Ancient statues looted in Lebanese war returned decades later

The marble bull’s head made 2,400 years ago for a Phoenician temple was stolen in Byblos in 1981 at the height of Lebanon’s 1975-90 civil war.
Updated 13 January 2018
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Ancient statues looted in Lebanese war returned decades later

BEIRUT: A marble bull’s head made 2,400 years ago for a Phoenician temple and looted during Lebanon’s civil war arrived in Beirut on Friday after American officials found it in the US and sent it home.
The object — along with two partial statues that the US is also returning — will be displayed in the National Museum in Beirut early next month, Lebanon’s Culture Ministry said in a statement.
They were stolen from a storehouse in Byblos in 1981 at the height of Lebanon’s 1975-90 civil war, as Christian and Muslim militias battled each other across much of the country.
In recent years, wars in Iraq and Lebanon’s neighbor Syria have laid waste their cultural heritage and created a huge market in looted antiquities, helping to fund Daesh militants.
The Manhattan District Attorney’s office in New York said last month it was returning the three statues to Lebanon and was forming an antiquities trafficking unit to stop the trade in looted artifacts.
The three pieces, all excavated during the 1960s and 1970s from the temple of Eshmoun in the port of Sidon and dating from between the fourth and sixth centuries BC, had been sold to private collectors in the US.
The bull’s head was identified by a curator while on loan to the Metropolitan Museum of Art as being among the antiquities stolen in Lebanon.
Located on the east coast of the Mediterranean, Lebanon was an important part of the classical world, home to the Phoenician civilization and part of the Persian and Roman empires. It has several major ancient sites.
During the civil war, curators at its National Museum, which was located on a deadly front line, protected treasures that were not looted by sealing them up in the basement or encasing them in cement.
Others were located in other sites around Lebanon, including to Byblos, an ancient port town north of Beirut, where the three items returned on Friday were stolen.


Militants kill 10 Iran Guards at Iraqi border post: Agency

Updated 4 min 14 sec ago
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Militants kill 10 Iran Guards at Iraqi border post: Agency

  • The agency quoted a Revolutionary Guards statement as saying that several of the attacking "terrorists" were also killed in the fighting in which a munitions depot was blown up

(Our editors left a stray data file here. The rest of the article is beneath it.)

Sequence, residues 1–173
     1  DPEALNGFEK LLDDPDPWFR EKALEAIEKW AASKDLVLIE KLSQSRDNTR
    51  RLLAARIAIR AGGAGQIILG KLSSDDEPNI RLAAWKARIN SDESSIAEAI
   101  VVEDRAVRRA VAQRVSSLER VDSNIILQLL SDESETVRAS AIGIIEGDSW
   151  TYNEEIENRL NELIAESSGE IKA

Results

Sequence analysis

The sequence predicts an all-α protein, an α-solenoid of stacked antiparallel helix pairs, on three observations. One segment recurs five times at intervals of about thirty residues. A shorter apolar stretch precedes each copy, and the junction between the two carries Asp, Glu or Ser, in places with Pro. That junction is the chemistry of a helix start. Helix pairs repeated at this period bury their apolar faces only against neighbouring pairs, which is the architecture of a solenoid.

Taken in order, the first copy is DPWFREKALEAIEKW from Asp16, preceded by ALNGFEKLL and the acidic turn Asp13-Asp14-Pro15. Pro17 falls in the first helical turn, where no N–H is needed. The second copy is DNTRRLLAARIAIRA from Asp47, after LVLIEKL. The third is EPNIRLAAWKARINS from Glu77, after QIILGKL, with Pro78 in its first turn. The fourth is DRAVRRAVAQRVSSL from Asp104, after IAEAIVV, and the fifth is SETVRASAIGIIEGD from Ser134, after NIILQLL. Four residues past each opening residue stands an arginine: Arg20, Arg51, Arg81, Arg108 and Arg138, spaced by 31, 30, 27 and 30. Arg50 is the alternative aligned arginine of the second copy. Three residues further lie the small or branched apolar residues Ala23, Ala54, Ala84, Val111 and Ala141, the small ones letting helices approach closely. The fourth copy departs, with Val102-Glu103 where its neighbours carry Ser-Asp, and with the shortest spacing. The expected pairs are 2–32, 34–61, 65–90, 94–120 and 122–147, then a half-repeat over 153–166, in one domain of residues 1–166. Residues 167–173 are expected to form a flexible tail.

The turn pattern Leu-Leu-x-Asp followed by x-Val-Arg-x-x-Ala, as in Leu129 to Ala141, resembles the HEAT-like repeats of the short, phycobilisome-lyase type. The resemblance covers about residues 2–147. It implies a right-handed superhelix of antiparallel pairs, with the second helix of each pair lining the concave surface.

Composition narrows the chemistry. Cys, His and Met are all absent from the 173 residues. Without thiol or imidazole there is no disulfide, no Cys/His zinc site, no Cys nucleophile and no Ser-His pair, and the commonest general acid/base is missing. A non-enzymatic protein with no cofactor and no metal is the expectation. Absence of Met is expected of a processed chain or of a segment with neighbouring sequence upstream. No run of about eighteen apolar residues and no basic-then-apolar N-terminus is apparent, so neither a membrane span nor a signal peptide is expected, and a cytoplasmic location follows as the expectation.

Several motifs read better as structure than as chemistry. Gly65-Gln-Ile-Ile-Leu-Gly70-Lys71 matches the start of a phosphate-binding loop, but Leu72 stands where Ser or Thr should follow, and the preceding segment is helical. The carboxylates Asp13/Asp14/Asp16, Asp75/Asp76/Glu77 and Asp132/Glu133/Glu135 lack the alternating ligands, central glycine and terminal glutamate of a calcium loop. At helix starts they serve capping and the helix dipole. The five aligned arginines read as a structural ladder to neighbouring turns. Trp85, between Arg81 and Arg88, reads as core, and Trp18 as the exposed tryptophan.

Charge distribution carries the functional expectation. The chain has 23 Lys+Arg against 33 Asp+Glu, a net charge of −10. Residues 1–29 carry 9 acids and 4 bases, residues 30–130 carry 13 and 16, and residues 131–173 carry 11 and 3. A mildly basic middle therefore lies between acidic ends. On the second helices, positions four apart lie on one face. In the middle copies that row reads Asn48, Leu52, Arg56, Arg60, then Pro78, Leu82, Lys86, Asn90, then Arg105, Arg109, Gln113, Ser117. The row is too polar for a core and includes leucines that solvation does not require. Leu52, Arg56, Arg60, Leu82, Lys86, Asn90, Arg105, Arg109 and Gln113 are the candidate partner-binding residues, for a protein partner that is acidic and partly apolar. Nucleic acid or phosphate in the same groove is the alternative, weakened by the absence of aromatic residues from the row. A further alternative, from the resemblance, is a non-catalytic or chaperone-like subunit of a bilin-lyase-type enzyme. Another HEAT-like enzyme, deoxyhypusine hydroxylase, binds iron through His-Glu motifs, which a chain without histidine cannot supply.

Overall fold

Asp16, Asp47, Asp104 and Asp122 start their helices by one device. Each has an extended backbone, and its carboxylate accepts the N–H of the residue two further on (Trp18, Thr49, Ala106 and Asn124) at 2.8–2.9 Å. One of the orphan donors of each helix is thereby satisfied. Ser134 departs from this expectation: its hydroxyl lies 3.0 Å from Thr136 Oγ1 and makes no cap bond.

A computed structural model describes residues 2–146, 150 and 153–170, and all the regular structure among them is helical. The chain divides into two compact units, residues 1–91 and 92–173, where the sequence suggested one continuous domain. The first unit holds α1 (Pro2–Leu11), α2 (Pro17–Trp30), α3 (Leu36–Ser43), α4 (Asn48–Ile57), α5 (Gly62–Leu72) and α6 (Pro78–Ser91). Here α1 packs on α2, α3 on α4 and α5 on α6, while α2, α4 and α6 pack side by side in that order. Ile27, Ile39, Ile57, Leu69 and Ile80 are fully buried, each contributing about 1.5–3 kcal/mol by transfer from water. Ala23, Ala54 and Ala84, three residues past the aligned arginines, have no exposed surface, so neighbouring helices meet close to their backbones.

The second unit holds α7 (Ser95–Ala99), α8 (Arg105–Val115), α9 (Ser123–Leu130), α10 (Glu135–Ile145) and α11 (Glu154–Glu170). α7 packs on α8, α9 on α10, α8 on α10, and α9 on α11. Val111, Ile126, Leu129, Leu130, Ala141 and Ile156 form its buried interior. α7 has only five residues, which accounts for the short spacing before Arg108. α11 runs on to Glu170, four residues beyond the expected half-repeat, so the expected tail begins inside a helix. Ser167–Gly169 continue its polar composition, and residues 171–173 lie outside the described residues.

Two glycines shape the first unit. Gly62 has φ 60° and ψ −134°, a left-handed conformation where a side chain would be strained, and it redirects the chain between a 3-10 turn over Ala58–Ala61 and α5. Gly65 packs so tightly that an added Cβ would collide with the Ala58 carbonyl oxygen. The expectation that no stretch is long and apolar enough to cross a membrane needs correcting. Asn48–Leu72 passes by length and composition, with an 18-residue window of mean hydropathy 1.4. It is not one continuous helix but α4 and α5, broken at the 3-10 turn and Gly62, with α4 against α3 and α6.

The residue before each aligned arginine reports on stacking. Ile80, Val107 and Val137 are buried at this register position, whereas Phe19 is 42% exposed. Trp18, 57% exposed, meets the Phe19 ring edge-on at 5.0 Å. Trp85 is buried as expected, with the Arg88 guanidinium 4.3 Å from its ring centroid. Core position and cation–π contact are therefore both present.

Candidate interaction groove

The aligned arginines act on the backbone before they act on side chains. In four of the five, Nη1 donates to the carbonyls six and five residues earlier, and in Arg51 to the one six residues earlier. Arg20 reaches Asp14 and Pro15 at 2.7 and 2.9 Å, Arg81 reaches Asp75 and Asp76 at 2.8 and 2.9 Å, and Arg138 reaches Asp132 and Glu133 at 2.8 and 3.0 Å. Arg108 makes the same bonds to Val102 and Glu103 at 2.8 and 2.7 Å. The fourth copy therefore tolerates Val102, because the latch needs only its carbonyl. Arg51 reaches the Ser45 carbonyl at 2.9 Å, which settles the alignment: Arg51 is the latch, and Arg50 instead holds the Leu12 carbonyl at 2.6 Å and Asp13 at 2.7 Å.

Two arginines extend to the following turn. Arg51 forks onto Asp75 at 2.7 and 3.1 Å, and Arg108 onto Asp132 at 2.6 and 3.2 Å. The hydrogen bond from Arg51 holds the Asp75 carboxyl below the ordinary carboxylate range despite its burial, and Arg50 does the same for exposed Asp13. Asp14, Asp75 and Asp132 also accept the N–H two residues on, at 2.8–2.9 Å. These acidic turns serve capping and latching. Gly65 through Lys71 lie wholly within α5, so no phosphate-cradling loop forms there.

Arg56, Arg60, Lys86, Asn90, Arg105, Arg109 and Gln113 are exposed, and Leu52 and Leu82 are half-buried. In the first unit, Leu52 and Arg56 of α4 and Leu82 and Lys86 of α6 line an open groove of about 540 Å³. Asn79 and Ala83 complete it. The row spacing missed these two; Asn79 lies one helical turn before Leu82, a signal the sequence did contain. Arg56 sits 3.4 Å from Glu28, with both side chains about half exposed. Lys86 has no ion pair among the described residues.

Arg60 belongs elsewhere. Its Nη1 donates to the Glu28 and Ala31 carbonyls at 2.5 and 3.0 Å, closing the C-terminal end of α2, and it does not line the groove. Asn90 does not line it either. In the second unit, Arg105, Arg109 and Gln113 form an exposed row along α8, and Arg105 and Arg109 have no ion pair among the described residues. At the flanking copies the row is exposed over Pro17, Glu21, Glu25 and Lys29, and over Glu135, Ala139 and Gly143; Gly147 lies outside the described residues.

• There is little coordination between Iranian and Iraqi forces over security of the porous border that has also been used by Daesh to enter Iran

DUBAI: Militants killed 10 Iranian Revolutionary Guards in an attack on a post on the Iraqi border on Saturday, Iran's semi-official Tasnim news agency reported, the latest deadly clash in an area where armed opposition Kurdish groups are active.
The agency quoted a Revolutionary Guards statement as saying that several of the attacking "terrorists" were also killed in the fighting in which a munitions depot was blown up.
Provincial security official Hosein Khosheqbal told state television that 11 members of the Guards' voluntary Basij forces were killed in the overnight violence in the Marivan area, which he blamed on the Kurdish armed opposition group PJAK.
"The latest news is that the Basij and Guards forces are in hot pursuit of the attackers," Khosheqbal said.
The Party of Free Life of Kurdistan (PJAK) -- an outlawed group that seeks self-governance for Iran's Kurds and has links to Turkey's militant Kurdish Workers' Party (PKK) -- operates in the border area, along with other armed Kurdish groups based in northern Iraq.
Earlier this month, the Revolutionary Guards said they had killed three militants in a security operation near the border with Iraq, and nine militants were reported killed by the Guards last month further north on the border.
There is little coordination between Iranian and Iraqi forces over security of the porous border that has also been used by Daesh to enter Iran.
Intelligence Minister Mahmoud Alavi said on Tuesday that security forces in southwest Iran arrested four suspected Daesh operatives who were planning attacks.
In June 2017, Daesh militants carried out coordinated attacks at the parliament building in Tehran and the mausoleum of Iranian revolutionary leader Ayatollah Ruhollah Khomeini south of the capital, killing at least 18 people.